Taking the quote out was very obviously the right thing to do, and I’m glad I did before anyone else read my book. But it still feels like a horrible end to a deep admiration I had. I grew up in the era of Fat Albert on Saturday morning TV. I attended Temple University when Cosby was repping us on NBC. I attended Howard University when A Different World was bigging up all HBCUs on TV. But more importantly—more devastatingly—I made my career as an educator out of diversifying and decolonizing curricula, fields in which Cosby was a giant. That’s the work that earned him his EdD.
So, do we have to eradicate him from the history of multicultural education because of his sex crimes against women?
Yes, I think we do.
If we don’t, we condone and contribute to rape culture.
So how do we handle his violence against humanity in light of his contributions to humanity? Do we give a disclaimer or caveat every time we mention him, like “the author’s mention of this scumbag is in no way an endorsement of his perversions. The author is trying to situate all this in her head”? Or do we need to invent a word or a phrase to use as a descriptor like those used in, say journalistic prose? “Comedian, educational innovator, and Fallen False Good Guy Bill Cosby advocated for equality in education long before it was revealed that he was a total pervert.” Here in Washington, DC and around the country , this is how most journalists handled former mayor Marion Barry’s drug use: adjectivally. At first, his vice replaced his name: DC Crack Mayor, he was called. Then, as it became more clear that he had been set up by a former lover to take that hit of crack in front of the planted cameras, the press softened a tiny bit. Every mention of his name was, and still is, preceded by words like “troubled” or “controversial.” (Cosby would have to get “misogynistic.”)
Somehow, none of it seems adequate, and I still float in the gray. I imagine comedians feel the same way about Cosby. After admitting that the charges against Cosby “look very bad,” comedian Dave Chappelle said that for him, wrestling with the allegations was like hearing that “chocolate ice cream had raped 54 people.” Sadly, I’m in the same boat regarding literary giants Junot Diaz and Hip Hop pioneer Afrika Bambaataa. Chocolate ice cream seems to have forced affection on its female love interests and the underage teen boys in its care too.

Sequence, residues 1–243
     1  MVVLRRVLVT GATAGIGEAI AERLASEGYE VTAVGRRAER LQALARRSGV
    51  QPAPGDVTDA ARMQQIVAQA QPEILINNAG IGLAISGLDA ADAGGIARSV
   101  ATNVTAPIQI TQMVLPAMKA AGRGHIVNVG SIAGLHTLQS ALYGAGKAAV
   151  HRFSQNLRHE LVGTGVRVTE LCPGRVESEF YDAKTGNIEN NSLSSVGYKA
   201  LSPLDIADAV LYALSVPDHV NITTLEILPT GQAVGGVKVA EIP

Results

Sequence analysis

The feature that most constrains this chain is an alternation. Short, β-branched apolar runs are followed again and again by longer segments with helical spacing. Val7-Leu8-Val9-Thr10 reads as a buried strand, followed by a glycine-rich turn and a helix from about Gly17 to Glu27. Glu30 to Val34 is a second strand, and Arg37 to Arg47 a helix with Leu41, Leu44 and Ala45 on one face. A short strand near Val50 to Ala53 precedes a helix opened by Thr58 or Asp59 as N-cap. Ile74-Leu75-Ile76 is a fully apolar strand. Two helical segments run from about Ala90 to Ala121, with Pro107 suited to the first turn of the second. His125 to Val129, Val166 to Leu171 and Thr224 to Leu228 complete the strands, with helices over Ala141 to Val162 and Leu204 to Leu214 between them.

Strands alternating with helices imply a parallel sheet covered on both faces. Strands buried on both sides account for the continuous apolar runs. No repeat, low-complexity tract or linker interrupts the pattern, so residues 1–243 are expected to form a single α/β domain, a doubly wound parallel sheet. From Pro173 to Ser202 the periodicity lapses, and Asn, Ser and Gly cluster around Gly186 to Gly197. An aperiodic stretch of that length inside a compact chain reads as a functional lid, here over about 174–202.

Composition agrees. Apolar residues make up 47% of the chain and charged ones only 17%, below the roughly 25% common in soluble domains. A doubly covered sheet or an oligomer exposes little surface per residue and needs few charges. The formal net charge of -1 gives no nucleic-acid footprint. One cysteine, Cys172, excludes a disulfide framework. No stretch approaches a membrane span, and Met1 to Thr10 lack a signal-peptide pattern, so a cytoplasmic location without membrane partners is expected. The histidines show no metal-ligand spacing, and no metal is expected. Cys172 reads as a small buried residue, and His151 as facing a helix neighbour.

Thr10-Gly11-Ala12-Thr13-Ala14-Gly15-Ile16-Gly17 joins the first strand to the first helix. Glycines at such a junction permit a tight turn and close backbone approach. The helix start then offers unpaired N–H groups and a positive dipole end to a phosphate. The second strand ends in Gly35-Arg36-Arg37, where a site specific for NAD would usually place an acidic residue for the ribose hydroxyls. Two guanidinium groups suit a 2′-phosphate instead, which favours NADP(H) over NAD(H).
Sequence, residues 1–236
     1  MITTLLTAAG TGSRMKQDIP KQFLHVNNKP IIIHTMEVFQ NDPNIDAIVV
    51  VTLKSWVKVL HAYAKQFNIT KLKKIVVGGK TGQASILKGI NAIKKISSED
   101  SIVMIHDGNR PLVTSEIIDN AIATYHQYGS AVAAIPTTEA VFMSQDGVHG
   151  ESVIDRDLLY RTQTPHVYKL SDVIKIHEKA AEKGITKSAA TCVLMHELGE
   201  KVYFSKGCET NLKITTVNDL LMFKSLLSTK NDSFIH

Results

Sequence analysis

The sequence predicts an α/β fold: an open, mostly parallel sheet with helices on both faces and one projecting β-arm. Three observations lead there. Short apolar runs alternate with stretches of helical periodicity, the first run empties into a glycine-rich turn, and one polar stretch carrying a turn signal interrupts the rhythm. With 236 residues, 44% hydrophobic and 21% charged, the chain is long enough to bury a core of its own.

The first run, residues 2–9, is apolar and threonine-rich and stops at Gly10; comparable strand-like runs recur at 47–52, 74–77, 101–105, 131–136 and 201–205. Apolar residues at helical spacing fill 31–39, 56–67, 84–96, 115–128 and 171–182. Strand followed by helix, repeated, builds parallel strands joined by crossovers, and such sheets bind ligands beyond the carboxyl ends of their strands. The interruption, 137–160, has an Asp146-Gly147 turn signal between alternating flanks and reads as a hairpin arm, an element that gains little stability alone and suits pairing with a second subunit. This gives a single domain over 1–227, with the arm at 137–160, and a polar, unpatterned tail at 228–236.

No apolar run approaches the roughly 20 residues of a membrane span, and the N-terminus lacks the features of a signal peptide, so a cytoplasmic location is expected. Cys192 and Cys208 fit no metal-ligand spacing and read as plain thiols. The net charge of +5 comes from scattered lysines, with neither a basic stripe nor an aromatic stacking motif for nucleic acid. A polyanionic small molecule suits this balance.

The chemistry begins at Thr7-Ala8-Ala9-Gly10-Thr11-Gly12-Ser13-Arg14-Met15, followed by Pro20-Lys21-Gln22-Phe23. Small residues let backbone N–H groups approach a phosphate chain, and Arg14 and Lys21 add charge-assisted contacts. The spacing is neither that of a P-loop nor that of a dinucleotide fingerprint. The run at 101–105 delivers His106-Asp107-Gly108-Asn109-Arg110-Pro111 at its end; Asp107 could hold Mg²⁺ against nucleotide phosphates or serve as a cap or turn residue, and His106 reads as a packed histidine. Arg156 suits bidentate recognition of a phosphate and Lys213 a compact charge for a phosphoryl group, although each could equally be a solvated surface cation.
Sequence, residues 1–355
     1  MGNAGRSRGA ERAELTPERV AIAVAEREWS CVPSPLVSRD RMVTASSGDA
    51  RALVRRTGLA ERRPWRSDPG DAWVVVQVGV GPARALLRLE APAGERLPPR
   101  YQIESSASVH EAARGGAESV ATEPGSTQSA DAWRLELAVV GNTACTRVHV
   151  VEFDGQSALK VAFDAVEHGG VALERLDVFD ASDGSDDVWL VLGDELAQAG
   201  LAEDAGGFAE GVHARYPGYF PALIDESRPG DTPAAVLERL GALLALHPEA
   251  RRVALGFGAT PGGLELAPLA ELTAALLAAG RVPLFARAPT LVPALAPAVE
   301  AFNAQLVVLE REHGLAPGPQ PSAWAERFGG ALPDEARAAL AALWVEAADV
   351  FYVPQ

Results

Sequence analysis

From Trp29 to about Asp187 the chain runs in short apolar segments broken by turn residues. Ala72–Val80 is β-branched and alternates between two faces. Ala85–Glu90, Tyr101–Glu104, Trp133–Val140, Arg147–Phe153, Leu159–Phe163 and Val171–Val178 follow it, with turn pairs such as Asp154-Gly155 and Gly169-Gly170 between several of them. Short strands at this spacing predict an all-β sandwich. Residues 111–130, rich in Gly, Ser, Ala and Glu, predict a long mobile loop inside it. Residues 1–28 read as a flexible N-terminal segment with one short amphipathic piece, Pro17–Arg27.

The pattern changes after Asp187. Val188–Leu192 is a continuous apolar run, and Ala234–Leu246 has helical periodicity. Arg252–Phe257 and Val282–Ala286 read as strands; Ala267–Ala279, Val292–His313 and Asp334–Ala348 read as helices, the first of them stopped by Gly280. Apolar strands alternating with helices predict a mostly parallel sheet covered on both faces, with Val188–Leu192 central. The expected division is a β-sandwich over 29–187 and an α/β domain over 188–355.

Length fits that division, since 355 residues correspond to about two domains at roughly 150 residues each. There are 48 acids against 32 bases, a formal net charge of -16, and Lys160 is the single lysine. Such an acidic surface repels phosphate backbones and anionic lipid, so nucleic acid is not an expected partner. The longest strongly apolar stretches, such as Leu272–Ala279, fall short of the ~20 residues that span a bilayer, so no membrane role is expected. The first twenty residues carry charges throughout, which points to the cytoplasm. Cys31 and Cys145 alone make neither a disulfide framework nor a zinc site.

When I heard about Junot Diaz’s abuses of women, I took a potent quote of his out of an article I was about to publish on Haiti. I was trying to link Haiti’s colonial history to the unkind decision of the Trump administration to revoke protection of Haitians who migrated here after the earthquake, and I’d chosen several lines from Diaz’s “Apocalypse” to do the job. It is the most succinct, well informed, morally clear, and eloquent statement on that country’s history I’ve ever read. But the article was to come out so soon after the allegations against him arose, that it was clearly not a good time to invoke his name. It was another difficult removal.
I may or may not stop using “Apocalypse” when I teach or write on the colonial histories that are often my subject. It’s gut-wrenching to imagine removing this favorite author of mine from my syllabi and my cache of people to quote when I write. And his solidarity with Haitians, as a Dominican, is incredibly important in light of those two countries’ ongoing conflicts. So I don’t really know how to weigh the charges against him: forced kisser, cross-cultural unifier; forced kisser, cross-cultural unifier? I don’t know.
When I heard about all the men who were accusing Hip Hop pioneer Afrika Bambaataa of having molested them when they were boys, I didn’t know how to handle that either. Bambaataa is one of the founders of the culture, a profoundly influential peace-maker and cultural icon, and it’s impossible to remove him from the Hip Hop Studies that I teach every Spring. But how do I address the charges, which haven’t been proven in court but are too numerous to discount? And if I don’t address the charges, what am I tacitly condoning? Maybe I’ll put him and accused pervert Russell Simmons in a chapter all their own. I’ll call it “The Perving Pioneers” or something.
I’m still working out what to do with Kanye West in that class, too. His recent fall from public grace wasn’t because he committed any physical, sexual, or violent crime. He didn’t. But he made light of the most sexually violent, physically violent, and oppressive institution in American history. He did the most incredible victim blaming I’ve ever heard when he stated that American Slavery sounded like a “choice.”